In the past few years, beeswax wraps have become increasingly popular, and they’re great alternatives to cling film for wrapping food.

They’re made out of pieces of fabric, with a layer of beeswax to form a waxy, grippy coating. They’re super easy to make if you have any old clothes or fabric lying around. The Natural History Museum has a great tutorial on DIY beeswax wraps on their website.

4. Don’t forget your reusable bag for the supermarket!

In the UK, it’s estimated that the average person now buys around three single-use carrier bags a year - a figure down from a staggering 140 in 2014, which is when the plastic bag charges came into place in stores. However, Greenpeace research shows that British supermarkets sold 1.58 billion ‘bags for life’ in 2019 - the equivalent of 57 per household and more than one bag purchased every week.

No one needs 57 bags for life, but we know how easy it is to forget bags for your shopping, especially if you’ve had an unplanned trip to the supermarket. So, to ensure you’re not buying plastic bags in surplus every time you go shopping, try moving bags closer to a nook near the front door, or into the boot of your car.

Alternatively, why not invest in a packable bag you can always keep in your jacket pocket or bag in case of any spontaneous trips to the shop?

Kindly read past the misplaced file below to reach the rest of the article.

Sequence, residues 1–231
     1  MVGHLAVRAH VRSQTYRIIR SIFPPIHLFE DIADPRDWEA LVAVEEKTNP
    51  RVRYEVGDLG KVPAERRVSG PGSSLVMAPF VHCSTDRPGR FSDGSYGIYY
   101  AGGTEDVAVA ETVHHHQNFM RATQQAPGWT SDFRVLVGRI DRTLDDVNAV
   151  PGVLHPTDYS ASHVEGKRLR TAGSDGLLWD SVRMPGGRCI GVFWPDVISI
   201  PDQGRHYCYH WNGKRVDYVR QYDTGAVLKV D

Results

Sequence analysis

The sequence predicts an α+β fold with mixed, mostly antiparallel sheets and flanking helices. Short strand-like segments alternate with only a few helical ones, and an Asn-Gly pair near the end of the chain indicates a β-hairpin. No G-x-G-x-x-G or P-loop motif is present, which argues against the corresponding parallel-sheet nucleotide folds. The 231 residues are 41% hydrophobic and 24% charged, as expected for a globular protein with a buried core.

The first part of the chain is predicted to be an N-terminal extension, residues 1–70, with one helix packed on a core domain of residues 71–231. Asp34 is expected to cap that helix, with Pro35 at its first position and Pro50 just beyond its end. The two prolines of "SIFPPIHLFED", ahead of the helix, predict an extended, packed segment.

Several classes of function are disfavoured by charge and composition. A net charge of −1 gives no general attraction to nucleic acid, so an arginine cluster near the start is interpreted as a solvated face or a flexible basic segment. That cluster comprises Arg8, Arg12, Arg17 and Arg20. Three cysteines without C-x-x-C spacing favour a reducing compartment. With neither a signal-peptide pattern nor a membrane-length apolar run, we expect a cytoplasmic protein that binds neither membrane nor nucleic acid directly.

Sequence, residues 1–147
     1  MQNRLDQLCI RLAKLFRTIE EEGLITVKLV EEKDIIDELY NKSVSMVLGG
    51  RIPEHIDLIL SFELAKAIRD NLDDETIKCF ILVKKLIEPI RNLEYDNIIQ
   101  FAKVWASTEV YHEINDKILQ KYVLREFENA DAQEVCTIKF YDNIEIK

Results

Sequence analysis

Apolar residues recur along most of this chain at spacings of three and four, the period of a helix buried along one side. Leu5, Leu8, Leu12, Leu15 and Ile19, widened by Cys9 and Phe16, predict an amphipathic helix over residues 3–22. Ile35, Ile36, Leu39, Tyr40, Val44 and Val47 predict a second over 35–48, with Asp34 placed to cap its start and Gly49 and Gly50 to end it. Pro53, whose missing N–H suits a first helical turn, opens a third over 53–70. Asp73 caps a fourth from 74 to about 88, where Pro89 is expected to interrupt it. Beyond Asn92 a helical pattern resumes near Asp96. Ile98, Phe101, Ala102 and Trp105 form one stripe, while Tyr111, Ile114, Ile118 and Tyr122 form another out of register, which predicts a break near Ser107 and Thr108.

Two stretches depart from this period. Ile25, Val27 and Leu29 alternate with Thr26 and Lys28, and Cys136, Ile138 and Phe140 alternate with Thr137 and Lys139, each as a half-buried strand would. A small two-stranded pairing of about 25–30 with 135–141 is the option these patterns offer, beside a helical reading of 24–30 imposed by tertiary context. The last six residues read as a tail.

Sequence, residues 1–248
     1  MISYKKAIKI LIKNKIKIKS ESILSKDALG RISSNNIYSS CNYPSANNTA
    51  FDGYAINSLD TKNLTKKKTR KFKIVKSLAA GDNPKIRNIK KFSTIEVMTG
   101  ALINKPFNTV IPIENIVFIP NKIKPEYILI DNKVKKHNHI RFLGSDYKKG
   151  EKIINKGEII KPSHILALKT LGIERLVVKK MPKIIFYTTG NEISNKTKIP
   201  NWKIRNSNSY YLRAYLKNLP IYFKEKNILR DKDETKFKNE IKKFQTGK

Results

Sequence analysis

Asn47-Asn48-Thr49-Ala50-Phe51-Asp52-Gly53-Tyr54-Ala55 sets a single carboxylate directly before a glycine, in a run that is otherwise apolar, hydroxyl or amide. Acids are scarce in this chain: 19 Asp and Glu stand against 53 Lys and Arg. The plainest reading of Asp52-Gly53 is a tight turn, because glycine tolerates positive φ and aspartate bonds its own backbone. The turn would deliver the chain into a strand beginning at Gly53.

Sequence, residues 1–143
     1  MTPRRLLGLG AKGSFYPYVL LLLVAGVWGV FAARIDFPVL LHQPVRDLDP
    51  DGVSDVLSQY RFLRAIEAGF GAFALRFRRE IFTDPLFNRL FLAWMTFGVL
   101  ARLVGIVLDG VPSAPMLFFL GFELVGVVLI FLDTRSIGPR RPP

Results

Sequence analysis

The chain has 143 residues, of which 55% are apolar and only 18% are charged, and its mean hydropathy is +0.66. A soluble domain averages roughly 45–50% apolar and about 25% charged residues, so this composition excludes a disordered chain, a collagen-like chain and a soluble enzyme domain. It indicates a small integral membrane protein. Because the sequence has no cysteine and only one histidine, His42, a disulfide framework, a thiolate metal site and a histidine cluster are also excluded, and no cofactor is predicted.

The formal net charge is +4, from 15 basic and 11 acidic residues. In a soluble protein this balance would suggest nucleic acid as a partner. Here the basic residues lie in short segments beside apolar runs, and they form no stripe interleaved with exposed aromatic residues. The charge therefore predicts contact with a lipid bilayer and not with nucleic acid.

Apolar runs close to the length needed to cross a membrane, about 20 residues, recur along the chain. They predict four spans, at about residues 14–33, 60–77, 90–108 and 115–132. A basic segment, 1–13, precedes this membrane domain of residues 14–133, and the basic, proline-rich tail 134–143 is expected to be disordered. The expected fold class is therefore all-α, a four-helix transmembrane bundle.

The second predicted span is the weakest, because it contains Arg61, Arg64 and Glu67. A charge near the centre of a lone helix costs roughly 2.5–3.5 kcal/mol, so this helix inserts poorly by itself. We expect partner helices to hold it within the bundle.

5. Get a reusable coffee cup or water bottle

Just like food, drinks have a lot to answer for when it comes to contributing to plastic waste. It’s estimated that each year in the UK, 2.5 billion coffee cups are used and thrown away - that’s enough to stretch around the world roughly five and a half times!

It’s also estimated that using a reusable hot drinks cup saves 10.32kg of CO2e, with one reusable coffee cup being equal to around 500 reusable ones. For perspective, if the UK switched from disposable cups to reusable cups, we could curb overall CO2 emissions by a whopping 52,000 tonnes each year.

Not only does using a reusable hot drinks cup massively reduce your plastic consumption, but it also saves you money, with many coffee shops offering discounted coffee to those with reusable cups. Similarly, plastic bottles take anywhere from 75 to 450 years to break down, so switching to using a refillable water bottle is undoubtedly a great way to reduce your plastic waste.

The Refill app can also show you free water refill stations near you. To do this, they partner with over 80+ councils across the UK. You can find your nearest Scheme on their app, or start your own and create a lasting change where you live!